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Discussion Forums » General Discussion
Pointless things you learnt in school.
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15 Jun 2009, 21:32
Post Count: 247
You will use math everyday of your life, bullshit I only use it for basic stuff.
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15 Jun 2009, 22:01
Post Count: 260
Workstudies (how to constuct a resume and participate in an interview) - it was a "cop out" class. I took it in year 12 because it was an easy A and would bring my grades up :)

Childcare - tasting and discussing baby foods, also finding appropriate ways to fold diapers. (3/4 of the girls in this class landed up getting pregnant a year later - convenient?)

There were some things in math that were pointless...while I think maths is important - there were just SOME subjects in maths that were pointless. I can see the point to doing the more complex things in the senior years (11&12)...but it was a bit stupid trying to teach us algebra and so on in years 8,9 and 10 when half the class didn't know BASIC multiplication and addition equations (yeh, I was clearly in a GREAT school system)
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15 Jun 2009, 22:59
[mandie knickers]
Post Count: 157
okay, see that's why i was asking. i was pretty sure that we didn't really use it here in the states, but i didn't want to come off looking like a dumbass when i knew there was a large probability that it was used differently other countries.

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16 Jun 2009, 07:52
vatten mö
Post Count: 43

SOME math...unless you are going to use different types of advanced math, it is not necessary for everyone to learn. I'd specifically point out binary/mayan & egyptian math systems that aren't used nowadays. I don't like math either...if that explains anything. Haha.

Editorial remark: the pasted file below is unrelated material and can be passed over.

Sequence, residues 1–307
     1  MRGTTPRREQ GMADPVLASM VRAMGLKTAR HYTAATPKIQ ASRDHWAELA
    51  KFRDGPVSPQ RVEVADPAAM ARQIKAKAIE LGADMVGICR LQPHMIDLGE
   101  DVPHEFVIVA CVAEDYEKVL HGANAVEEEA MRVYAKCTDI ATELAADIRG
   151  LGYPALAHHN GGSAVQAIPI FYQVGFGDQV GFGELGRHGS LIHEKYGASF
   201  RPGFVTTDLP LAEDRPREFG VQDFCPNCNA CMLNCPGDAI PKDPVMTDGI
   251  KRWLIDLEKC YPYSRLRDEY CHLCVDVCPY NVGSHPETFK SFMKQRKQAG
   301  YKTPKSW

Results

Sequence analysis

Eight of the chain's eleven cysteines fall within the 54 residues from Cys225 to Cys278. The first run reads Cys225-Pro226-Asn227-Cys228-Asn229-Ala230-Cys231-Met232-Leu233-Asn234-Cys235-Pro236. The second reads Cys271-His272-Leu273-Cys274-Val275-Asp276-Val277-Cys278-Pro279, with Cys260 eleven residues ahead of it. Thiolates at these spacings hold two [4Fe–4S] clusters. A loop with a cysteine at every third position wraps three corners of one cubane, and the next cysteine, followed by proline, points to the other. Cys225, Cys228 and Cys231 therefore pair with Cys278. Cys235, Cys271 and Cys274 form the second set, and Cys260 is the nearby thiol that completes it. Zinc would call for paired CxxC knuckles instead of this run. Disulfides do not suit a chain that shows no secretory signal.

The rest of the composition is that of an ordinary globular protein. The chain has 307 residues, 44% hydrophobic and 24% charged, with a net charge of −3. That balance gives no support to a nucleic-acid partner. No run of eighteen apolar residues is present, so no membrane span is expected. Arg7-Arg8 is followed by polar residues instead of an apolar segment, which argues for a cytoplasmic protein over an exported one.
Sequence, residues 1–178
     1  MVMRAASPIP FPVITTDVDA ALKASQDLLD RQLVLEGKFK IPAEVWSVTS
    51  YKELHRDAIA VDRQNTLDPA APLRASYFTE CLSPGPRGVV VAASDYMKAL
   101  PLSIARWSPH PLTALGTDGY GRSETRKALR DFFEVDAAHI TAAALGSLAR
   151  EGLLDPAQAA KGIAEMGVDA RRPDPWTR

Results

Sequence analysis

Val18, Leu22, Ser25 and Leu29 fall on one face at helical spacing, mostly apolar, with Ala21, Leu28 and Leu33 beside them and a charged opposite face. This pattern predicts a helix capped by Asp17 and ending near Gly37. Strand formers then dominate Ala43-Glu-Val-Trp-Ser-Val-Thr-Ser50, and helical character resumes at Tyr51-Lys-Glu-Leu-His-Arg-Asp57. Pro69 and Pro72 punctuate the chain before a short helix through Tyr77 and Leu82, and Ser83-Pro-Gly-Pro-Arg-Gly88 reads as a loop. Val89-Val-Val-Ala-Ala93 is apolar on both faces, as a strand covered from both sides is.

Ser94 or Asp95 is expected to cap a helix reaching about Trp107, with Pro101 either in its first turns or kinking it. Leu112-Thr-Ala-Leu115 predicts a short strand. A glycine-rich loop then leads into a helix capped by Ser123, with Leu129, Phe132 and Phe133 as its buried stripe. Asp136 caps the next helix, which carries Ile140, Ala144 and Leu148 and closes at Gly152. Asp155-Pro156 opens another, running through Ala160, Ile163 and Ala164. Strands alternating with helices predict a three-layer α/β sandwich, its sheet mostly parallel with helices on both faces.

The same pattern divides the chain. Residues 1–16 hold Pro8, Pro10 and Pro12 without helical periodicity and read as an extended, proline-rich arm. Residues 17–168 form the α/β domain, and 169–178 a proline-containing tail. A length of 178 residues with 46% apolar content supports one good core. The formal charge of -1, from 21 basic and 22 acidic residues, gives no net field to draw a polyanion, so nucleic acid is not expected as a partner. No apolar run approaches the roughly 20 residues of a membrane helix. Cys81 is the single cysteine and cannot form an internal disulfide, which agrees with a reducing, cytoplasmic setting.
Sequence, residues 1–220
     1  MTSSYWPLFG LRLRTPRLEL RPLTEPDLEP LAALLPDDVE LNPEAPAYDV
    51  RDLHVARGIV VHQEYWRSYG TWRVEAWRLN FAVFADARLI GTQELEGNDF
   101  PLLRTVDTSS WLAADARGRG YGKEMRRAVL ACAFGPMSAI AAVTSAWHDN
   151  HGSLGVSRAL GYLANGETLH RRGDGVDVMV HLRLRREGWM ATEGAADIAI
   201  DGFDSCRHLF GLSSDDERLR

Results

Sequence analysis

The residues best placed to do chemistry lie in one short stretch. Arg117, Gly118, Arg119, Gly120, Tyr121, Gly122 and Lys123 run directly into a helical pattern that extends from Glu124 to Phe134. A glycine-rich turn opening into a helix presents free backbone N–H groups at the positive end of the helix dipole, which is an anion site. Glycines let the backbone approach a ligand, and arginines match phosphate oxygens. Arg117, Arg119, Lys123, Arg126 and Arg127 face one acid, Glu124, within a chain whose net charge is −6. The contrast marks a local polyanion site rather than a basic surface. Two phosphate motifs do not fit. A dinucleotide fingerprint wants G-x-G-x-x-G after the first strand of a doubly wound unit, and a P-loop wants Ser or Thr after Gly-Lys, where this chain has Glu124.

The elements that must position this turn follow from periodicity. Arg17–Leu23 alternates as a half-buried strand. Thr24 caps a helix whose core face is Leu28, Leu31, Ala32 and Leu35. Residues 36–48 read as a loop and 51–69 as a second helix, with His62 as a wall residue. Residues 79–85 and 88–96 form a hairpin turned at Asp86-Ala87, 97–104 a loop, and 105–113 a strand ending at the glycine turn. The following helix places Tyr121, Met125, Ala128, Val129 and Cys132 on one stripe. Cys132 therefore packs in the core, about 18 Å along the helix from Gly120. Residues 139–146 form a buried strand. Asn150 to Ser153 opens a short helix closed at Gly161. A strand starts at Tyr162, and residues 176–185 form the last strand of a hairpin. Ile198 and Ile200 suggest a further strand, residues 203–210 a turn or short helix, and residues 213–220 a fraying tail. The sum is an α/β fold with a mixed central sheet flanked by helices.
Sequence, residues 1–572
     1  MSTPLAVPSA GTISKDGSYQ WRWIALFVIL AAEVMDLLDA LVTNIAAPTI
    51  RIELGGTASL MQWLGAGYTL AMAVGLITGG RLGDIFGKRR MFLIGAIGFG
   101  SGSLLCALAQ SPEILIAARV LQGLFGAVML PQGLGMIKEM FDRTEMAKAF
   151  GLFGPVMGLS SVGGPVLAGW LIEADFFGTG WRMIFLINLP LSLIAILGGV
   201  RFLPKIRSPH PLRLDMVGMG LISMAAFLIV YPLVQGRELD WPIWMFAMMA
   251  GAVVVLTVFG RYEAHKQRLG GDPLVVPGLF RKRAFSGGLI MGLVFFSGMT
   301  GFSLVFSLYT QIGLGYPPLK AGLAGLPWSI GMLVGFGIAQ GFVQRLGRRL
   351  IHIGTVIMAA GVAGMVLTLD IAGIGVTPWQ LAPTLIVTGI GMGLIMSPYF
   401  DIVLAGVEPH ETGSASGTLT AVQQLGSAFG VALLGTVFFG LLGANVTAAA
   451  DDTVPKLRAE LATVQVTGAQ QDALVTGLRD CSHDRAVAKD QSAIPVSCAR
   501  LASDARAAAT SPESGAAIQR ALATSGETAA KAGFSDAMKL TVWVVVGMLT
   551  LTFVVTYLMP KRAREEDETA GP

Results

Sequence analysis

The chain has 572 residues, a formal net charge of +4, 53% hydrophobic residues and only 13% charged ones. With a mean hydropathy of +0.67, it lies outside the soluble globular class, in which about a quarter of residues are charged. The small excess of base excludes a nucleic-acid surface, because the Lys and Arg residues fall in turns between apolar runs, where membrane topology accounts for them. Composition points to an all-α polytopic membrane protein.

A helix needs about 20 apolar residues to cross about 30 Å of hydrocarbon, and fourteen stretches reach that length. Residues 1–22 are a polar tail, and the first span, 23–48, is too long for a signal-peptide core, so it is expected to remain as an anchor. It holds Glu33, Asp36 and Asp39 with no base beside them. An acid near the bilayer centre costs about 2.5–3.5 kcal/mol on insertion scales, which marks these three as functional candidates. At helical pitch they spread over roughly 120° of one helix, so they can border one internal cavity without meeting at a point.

SOME art...unless it is age appropriate and you want to learn it. This is coming from someone who loved art classes and took them as much as possible. I went to a small school who "conveniently" labeled their craft classes as "design" classes just so they could get more state funds. The students weren't fooled by the label at all, haha. All of my high school years, we did the same things each year in art class. Some of it was interesting...some of it was boring and repetitive. Enough said. I learned more about art in my first art class in college.

That's all I can think of off the top of my head. I did okay in most subjects. Math is the only one that gave me any problem. I did have child development/home-ec (basic & advanced) classes throughout high school. There were agriculture classes and business classes as well...but I chose not to take those in particular. It just wasn't my thing. I could have benefited from them but I didn't want to at the time. I had some great teachers who obviously cared for their students and I've had some terrible teachers. Some of them I could respect despite their "talent" at teaching others. Some of them, I didn't have an ounce of respect for...and probably never will. I am still in contact with some of the teachers I specifically liked in school. Learning, in general, is not pointless if you have a purpose for it. There are some things that are just interesting to learn about...point or no point. Enough said.
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16 Jun 2009, 11:50
Acid Fairy
Post Count: 1849
This is a quote attributed to Leonardo da Vinci; 'Study without desire spoils the memory, and it retains nothing that it takes in.'